Norma relacionada
Practice Relating to Rule 87. Humane Treatment
Section D. Persons deprived of their liberty
Croatia’s Commanders’ Manual (1992) provides that prisoners of war and captured medical and religious personnel must be respected and treated humanely. 
Croatia, Basic Rules of the Law of Armed Conflicts – Commanders’ Manual, Republic of Croatia, Ministry of Defence, 1992, Rule No. 15.
Croatia’s Soldiers’ Manual (1992) states that captured combatants must be treated humanely. 
Croatia, Rules of Conduct for Soldiers, Republic of Croatia, Ministry of Defence, 1992, p. 4.
Croatia’s Instructions on Basic Rules of IHL (1993) requires soldiers to treat captured combatants with humanity. 
Croatia, Instructions “Basic Rules of International Humanitarian Law Applicable in Armed Conflicts”, Republic of Croatia, Ministry of Defence, 1993, Instruction No. 4.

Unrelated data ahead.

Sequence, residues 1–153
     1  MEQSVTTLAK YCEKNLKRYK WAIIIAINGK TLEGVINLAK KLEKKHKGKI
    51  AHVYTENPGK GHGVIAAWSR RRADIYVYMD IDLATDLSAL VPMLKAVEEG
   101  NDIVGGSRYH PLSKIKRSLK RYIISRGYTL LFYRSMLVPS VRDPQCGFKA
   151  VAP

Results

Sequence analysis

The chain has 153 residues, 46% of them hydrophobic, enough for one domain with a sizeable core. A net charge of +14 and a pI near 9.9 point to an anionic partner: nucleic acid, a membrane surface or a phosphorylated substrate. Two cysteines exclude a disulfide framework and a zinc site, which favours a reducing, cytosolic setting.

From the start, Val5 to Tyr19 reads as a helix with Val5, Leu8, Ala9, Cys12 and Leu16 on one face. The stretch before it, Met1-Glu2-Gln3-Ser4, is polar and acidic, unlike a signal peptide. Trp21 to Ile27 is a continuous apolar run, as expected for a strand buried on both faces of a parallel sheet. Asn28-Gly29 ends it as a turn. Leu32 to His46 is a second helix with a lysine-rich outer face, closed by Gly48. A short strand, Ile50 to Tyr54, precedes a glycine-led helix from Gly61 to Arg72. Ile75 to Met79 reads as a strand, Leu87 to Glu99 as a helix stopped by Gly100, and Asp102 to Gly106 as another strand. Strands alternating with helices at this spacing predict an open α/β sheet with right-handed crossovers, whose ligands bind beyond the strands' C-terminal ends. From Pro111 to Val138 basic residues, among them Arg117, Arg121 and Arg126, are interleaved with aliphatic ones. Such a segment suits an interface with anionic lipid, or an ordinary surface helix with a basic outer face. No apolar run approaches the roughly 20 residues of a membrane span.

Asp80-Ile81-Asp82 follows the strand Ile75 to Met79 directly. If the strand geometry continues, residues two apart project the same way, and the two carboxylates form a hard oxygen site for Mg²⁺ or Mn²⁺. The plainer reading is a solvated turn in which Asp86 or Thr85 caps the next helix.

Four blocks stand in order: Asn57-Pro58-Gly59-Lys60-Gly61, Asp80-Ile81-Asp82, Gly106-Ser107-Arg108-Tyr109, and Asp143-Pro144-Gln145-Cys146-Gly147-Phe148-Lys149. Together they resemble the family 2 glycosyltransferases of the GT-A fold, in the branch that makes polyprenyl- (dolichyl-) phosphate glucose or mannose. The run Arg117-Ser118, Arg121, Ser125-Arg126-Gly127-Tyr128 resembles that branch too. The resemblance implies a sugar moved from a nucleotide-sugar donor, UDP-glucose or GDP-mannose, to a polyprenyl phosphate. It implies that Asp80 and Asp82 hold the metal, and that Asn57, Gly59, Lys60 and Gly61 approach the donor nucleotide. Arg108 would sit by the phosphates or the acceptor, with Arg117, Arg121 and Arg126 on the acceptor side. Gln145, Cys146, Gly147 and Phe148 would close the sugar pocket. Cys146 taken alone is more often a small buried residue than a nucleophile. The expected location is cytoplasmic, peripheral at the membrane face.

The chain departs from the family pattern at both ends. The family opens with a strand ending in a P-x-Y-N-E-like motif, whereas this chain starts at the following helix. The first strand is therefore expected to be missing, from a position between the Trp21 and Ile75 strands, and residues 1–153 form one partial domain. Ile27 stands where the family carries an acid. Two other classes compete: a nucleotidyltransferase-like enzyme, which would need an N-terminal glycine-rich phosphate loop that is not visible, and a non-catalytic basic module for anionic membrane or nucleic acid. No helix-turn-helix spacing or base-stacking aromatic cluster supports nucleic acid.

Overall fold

Croatia’s Criminal Code (1997), as amended in 2006, imposes a criminal sanction on whoever “in violation of the rules of international law, brutally treats … prisoners of war or restricts or prevents the realization of the rights granted to them under these rules”. 
Croatia, Criminal Code, 1997, as amended in June 2006, Article 165.
Croatia’s Defence Act (2002), as amended to 2007, states:
Members of the Armed Forces shall, under each and every circumstance when in battle … adhere to the rules of international humanitarian law regarding the humane treatment of … prisoners of war … in accordance with the Constitution, international treaties and laws. 
Croatia, Defence Act, 2002, as amended to 2007, Article 92.
In 2001, in its third periodic report to the Committee against Torture, Croatia stated: “Arrested and convicted persons should be treated humanely with respect for their personal dignity.” 
Croatia, Third periodic report to the Committee against Torture, 22 July 2002, UN Doc. CAT/C/54/Add.3, submitted 3 December 2001, § 13.